If you want to play Far Cry 5 in 4K at 60fps it's going to cost you $2,500 | PCGamesN

If you want to play Far Cry 5 in 4K at 60fps it's going to cost you $2,500

Far Cry 5

The recommended specs have been released for Ubisoft’s next big triple-A title, Far Cry 5. Despite the lack of SLI and Crossfire support from game devs, and the tech largely being ditched by Nvidia and AMD themselves, Far Cry 5 will support dual-card rigs in a quest to reach 4K 60fps - but it won’t come cheap.

Not fussed on 4K? Here are the best gaming monitors for any resolution.

The recommended specs for running Far Cry 5 at 4K and 60fps are certainly demanding. It’s no surprise considering the Nvidia GTX 1080 Ti - the most powerful single gaming GPU available in the market today - struggles to consistently manage that feat in many recently launched triple-A titles. To crank those rookie frame rates up from 30 to 60, you’ll need to grab yourself tandem graphics cards.

Dual Nvidia GTX 1080s, or AMD Vega 56s, are required. If you want to push those 8.3 million pixels around the screen at a decent speed you’ll need to pay the miner’s tax - that is, the now excessive pricing for a GPU thanks to miners gobbling them all up before they even reach the shelves. Not even some recent lip-service from Nvidia is going to change the fact that graphics cards are ridiculously priced right now.

Nvidia SLI

A standard GTX 1080 retails for around $850 (£680), while Nvidia’s original MSRP for the same card is $549 (£529). Be thankful two GTX 1080 Ti cards are not required because they retail for well over $1300 (£930) a piece.

The CPU recommended specs aren’t exactly minimal either, you’ll need the flagship Intel Skylake i7 6700K or AMD Ryzen 7 1700X to cope. Thankfully miners don’t care for these so prices haven’t been going ballistic for CPUs. But don’t forget the 16GB of pricey DDR4 memory, too. All in all, with a fairly minimal rig - at least considering what would usually accompany dual GTX 1080s - you are looking at a build valued at somewhere in the ballpark of $2,500.

There is potentially a way out. A way to play 4K at 60 fps in Far Cry without selling your organs on the black market or dropping your quality down to a measly ‘medium’. It also might mean you can ditch the often unstable SLI. Nvidia’s Volta is expected to launch within GDDR6-powered gaming cards sometime early this year. In fact, the Game Developer’s Conference (GDC) and Nvidia’s GPU Technology Conference (GTC) sandwich the launch of Ubisoft’s Far Cry 5 at the end of March. Coincidence? I think not.

Okay, fine. It’s probably coincidence.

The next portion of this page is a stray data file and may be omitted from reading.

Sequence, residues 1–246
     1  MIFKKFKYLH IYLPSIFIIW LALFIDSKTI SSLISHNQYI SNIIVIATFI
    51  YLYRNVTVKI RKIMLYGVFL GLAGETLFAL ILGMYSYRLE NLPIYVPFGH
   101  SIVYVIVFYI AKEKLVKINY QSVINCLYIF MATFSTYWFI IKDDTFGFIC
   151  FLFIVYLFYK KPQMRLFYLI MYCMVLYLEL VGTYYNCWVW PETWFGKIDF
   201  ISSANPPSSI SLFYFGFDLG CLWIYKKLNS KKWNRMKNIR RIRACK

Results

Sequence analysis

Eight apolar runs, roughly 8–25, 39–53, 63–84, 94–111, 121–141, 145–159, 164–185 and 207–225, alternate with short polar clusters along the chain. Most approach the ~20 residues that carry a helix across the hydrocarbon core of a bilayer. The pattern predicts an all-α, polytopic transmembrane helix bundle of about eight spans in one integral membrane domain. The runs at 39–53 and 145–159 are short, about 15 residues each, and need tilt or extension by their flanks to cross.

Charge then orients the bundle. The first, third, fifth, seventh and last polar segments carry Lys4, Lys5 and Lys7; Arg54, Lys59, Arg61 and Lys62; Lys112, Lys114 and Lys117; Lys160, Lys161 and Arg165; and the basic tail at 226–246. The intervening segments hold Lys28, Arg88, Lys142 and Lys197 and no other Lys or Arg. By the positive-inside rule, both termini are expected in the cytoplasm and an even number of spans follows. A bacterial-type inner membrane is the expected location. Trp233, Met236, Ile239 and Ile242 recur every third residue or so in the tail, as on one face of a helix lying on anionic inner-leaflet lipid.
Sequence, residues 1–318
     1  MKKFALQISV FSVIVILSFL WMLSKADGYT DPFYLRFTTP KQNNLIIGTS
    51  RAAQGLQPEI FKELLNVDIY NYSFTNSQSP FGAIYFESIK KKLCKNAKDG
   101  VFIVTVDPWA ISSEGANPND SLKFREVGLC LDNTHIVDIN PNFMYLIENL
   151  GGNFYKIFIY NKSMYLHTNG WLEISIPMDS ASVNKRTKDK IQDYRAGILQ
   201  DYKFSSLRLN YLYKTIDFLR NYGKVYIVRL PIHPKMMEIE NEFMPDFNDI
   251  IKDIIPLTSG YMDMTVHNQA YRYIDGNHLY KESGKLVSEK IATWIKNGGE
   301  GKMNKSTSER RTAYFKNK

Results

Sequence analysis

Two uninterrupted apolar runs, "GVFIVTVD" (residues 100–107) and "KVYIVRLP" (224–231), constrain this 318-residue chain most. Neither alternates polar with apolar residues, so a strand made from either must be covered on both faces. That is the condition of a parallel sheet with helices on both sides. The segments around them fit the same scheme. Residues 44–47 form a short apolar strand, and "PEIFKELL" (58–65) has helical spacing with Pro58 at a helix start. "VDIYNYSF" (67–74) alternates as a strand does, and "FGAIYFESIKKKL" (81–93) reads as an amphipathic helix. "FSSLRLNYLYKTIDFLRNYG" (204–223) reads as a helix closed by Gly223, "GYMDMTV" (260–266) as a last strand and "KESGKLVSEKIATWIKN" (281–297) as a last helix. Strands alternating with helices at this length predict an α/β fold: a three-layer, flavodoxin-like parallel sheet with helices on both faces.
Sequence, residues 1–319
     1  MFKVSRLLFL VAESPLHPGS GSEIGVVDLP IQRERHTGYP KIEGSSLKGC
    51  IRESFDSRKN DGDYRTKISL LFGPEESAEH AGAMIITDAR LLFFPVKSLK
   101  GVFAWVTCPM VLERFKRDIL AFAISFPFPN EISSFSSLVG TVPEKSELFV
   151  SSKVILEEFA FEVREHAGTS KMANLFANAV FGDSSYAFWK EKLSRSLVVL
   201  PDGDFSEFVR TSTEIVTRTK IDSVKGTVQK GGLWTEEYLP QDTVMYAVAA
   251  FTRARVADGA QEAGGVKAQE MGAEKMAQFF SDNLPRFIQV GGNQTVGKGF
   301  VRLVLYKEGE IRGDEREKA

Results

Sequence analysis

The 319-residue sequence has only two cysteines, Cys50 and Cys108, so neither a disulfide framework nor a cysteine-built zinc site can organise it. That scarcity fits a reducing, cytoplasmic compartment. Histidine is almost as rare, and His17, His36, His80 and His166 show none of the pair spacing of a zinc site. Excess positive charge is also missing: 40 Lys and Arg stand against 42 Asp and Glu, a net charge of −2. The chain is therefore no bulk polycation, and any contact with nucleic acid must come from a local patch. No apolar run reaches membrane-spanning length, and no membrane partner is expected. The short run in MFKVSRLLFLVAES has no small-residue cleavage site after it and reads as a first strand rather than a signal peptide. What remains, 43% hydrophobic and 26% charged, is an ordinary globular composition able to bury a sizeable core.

But there is still some chance that you won’t be needing dual GTX 1080s to power a 4K 60fps experience when the game finally launches. Maybe it’s a pipe dream, and maybe Nvidia won’t release their next-gen cards in March, and maybe Miners will snatch up all the cards off the shelves again and we will be back at square one…. I’m holding out hope, if only because dropping $2,500 on a machine for 4K 60fps in the latest titles is a huge drag.

Sign in to Commentlogin to comment
Infidel avatarDave James avatarIluv2raceit avatar
Infidel Avatar
3 Weeks ago

People complain that graphics cards are expensive right now but I remember buying my first graphics card which was 512mb card at $400 years ago. Now I can get a 4gb card for $200. Graphics cards have actually gone down in price when you consider inflation. Yes. If you want a 6gb or higher its going to cost you. Just like an i7 is going to cost you.... duuuuuhhhh.

Dave James Avatar
3 Weeks ago

Think you might struggle to grab any 4GB card for £200 at the moment.

The historical difference though is that $400 - $500 was the price of the top end-card back then. With the Kepler generation of Nvidia cards that became the price for their second-tier GPUs with the top-end chips then being dropped into the $1,000 Titan. That's quite a jump in pricing... and in margins.

And now we've a GPU from the bottom rung, with a $140 MSRP, being sold for over $500 at retail.

Graphics cards are ridiculously expensive right now, and unnecessarily so.

Iluv2raceit Avatar
3 Weeks ago

Actually, not entirely correct. There are several games today that do 'care' and do use more than 4 cores. BF1, Battlefront II, Destiny 2, The Division, and many more use more than 4 cores. Future games will also do the same.